Steven MacLean (St Johnstone)
Different year, same Steven MacLean. The forward continues to be one of the most intelligent players in Scottish football. His link play with the St Johnstone midfield is second to none, and he’s deceptively strong for such a wiry figure. He also continues to be a threat in opposing penalty areas, netting ten goals thus far.
Craig Gordon (Celtic)
It’s been an eventful season for the veteran goalkeeper, who continues to be the country’s finest into his 34th year. First he had to see off a challenge from Dorus de Vries for the role of Celtic’s No.1, then he was linked with a big-money move to Chelsea in January. It didn’t come to fruition but Chelsea’s interest was enough to add a few thousand pounds to his weekly wage packet.
Don Cowie (Hearts)
The former Scotland international underwhelmed in his initial five months after joining from Wigan Athletic last January. But after finally sorting out a long-standing calf injury, his performances have jumped a level or two this season. The midfielder’s energy in the centre of the park is vital in a team that’s often accused of lacking urgency.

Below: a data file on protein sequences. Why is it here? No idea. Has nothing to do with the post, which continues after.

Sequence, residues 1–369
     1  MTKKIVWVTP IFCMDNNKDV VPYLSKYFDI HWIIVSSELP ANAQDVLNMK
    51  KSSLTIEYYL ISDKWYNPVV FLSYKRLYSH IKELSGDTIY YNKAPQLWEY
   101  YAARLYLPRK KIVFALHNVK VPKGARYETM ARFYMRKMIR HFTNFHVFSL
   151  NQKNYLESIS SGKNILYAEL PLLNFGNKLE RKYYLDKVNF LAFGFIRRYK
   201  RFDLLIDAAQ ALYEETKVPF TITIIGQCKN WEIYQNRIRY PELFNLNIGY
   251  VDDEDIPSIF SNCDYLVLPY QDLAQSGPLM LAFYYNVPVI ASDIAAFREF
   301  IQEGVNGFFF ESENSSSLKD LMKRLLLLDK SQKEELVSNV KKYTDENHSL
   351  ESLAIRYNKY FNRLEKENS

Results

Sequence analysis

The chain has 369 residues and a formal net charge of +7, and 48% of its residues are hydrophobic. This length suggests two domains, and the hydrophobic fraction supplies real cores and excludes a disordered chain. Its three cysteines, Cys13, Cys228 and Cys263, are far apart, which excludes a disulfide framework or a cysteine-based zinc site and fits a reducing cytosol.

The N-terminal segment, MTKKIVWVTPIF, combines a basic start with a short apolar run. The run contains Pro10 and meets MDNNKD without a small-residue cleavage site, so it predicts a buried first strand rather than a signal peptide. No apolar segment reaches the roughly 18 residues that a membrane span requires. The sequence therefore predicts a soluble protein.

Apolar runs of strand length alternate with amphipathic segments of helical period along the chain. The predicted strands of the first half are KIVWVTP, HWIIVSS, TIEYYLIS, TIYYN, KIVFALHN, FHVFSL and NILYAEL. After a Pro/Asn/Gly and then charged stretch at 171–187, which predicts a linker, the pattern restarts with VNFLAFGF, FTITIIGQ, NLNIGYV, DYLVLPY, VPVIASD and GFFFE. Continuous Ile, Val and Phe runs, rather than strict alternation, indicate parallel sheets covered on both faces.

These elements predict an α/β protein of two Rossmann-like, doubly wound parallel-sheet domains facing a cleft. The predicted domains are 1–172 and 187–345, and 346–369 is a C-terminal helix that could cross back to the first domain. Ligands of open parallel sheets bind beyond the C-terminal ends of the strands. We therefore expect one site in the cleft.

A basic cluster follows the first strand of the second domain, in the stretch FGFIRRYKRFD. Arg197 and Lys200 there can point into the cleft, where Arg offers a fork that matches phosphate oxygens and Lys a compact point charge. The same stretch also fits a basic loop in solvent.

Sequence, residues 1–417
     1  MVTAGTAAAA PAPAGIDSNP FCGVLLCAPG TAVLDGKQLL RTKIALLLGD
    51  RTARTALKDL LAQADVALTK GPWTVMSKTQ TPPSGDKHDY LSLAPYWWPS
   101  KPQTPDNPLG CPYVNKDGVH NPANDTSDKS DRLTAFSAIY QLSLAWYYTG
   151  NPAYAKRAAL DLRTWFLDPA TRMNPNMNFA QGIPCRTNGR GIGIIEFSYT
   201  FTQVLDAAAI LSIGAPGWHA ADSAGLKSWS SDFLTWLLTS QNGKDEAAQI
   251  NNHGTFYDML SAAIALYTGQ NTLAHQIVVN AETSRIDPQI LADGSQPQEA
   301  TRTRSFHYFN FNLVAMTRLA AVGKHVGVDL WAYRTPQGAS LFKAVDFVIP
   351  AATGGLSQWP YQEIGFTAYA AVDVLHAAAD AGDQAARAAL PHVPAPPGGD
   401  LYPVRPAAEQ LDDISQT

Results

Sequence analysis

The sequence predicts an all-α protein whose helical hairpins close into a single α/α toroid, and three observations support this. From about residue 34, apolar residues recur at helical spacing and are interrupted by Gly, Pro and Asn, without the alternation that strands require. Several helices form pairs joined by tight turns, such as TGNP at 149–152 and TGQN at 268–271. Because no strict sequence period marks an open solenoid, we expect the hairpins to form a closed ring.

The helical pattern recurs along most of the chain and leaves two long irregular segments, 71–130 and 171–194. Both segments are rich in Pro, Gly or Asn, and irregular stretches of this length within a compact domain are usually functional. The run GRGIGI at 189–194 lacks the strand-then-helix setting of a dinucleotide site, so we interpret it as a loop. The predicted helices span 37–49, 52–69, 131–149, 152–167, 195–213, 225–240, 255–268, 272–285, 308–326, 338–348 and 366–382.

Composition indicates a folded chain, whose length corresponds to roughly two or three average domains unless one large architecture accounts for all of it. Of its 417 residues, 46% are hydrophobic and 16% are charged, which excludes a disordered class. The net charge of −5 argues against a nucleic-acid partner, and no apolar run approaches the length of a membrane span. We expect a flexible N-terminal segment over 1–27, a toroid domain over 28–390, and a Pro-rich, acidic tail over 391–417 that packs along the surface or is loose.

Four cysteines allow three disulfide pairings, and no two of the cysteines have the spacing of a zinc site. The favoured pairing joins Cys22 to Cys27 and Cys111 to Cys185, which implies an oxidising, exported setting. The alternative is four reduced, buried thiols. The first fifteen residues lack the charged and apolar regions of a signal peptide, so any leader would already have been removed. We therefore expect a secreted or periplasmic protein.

Chris Burke (Ross County)
Despite playing in only six games, Burke has been included in this list for two reasons. Firstly, he was excellent in those six games, and if you could stretch his average quality of performance across the full season he’d definitely be Ross County’s best player. Secondly, he’s the only player in contention to make this list who operates exclusively on the flanks. Wingers aren’t supposed to be that good playing well into their 30s, at least without moving into a more central role. It just shows how much talent Burke has and what a shame that this season has been ruined by illness.
Scott McDonald (Motherwell)
The best thing about the Australian is that he hasn’t mellowed at all. He still plays the game with real grit and determination, and continues to mouth off at the referee for 90 minutes. The centre-forward pairing of McDonald and Louis Moult is undoubtedly the strongest part of the struggling Motherwell side, and the 33-year-old will need to dig deep for another seven weeks if they’re going to avoid the drop.
Tomas Cerny (Partick Thistle)